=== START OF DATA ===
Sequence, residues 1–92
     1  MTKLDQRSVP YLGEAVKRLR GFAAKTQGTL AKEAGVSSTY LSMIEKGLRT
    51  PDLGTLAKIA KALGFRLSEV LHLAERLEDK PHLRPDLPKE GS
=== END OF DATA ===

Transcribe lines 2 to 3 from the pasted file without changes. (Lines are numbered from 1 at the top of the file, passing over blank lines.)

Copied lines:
     1  MTKLDQRSVP YLGEAVKRLR GFAAKTQGTL AKEAGVSSTY LSMIEKGLRT
    51  PDLGTLAKIA KALGFRLSEV LHLAERLEDK PHLRPDLPKE GS